Published on: 16/09/2013
Navigating the danger zone where countries raise enough money to build but not maintain new infrastructure raises a question: Does this zone exist?
In one of his previous blogs, Patrick Moriarty posed the concept of a danger zone, referring to the coverage level, at which countries that succeeded in raising first time coverage by constructing new infrastructure (capital investment) fail to maintain the infrastructure (due to lack of capital maintenance) or to operate it adequately to provide a service (due to lack of effort on recurrent expenditure and support). As a result, a country would experience stagnation in the trajectory of coverage growth. Using this concept, in a previous blog, I have tried to go deeper into the causes of why this danger zone may happen, and illustrate this for the case of Honduras. But does this danger zone really exists? And more importantly, is it inevitable?
Figures show that around a third of the countries that reach a reasonably high coverage of 80% in rural water supply experienced stagnation. But what happens in the other two thirds of countries?
To answer that question, I started off by playing with JMP numbers, and a first indication showed that indeed around a third of the countries that reach a reasonably high coverage of 80% in rural water supply, experienced such stagnation. The blog post that resulted from this (on Impatient Optimists), actually raised more questions. What happens in the other two thirds of countries – do they avoid the danger zone? Is the danger zone indeed caused by the increase in service levels for some, at the expenses for providing some for all? And is a danger zone also experienced in sanitation? In the paper 'Through the Danger Zone' (available below), we have tried to answer these questions and provide some further evidence for the existence of a danger zone, based on JMP data. These are some of our headline findings:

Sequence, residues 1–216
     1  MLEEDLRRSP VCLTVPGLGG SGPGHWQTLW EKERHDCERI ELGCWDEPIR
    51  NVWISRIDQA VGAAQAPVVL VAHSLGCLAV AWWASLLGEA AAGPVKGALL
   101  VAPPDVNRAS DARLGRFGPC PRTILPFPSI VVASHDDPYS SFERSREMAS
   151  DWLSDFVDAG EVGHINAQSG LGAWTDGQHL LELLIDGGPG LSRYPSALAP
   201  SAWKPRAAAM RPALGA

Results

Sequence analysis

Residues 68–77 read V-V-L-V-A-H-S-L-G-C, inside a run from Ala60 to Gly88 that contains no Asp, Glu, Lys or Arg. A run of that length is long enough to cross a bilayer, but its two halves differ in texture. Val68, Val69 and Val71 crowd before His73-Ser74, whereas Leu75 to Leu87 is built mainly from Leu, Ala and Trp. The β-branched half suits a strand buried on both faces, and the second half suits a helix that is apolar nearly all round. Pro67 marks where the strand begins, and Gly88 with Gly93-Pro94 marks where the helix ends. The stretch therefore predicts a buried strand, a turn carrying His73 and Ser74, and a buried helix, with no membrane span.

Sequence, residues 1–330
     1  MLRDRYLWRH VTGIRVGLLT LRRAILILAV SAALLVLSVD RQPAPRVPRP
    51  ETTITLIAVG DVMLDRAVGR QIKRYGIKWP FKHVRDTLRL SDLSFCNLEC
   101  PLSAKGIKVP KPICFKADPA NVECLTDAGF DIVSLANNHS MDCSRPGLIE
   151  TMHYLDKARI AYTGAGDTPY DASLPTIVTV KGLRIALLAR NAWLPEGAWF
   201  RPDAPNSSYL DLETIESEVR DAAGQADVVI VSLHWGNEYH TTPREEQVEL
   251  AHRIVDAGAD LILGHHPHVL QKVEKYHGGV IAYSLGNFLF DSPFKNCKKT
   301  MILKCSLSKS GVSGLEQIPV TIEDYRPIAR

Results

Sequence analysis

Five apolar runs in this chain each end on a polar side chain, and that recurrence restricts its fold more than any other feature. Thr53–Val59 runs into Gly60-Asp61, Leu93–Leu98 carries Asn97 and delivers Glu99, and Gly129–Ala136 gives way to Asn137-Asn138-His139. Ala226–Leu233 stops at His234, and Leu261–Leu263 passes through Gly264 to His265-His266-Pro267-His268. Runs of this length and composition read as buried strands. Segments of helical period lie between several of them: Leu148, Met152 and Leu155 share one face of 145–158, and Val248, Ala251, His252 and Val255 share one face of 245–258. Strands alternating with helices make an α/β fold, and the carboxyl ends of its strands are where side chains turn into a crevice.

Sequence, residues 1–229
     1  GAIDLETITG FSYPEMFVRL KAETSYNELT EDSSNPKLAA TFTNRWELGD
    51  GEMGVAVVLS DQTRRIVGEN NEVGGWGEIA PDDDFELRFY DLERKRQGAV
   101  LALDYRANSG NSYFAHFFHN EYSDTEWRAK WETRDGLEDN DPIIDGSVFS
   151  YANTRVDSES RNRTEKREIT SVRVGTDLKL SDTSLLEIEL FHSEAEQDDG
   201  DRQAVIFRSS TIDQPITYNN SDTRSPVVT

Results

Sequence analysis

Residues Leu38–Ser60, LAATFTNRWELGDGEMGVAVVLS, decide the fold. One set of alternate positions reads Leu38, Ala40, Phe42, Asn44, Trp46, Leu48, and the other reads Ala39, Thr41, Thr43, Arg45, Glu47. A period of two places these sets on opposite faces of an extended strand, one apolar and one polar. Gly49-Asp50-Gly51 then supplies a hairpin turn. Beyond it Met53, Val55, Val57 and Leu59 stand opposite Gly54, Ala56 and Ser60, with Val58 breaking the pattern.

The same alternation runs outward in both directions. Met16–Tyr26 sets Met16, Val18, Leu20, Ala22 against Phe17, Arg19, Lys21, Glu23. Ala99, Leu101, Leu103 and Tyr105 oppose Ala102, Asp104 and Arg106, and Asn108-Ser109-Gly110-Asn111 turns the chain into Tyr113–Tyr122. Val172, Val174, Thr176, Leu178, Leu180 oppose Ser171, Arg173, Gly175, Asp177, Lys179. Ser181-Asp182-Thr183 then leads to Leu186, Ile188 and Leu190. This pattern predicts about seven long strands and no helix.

As you will see, many of the underlying data are not very clear-cut and it is not always clear why certain countries follow the trajectory that they do. We therefore welcome any feed-back on the paper, and help in interpreting the results.
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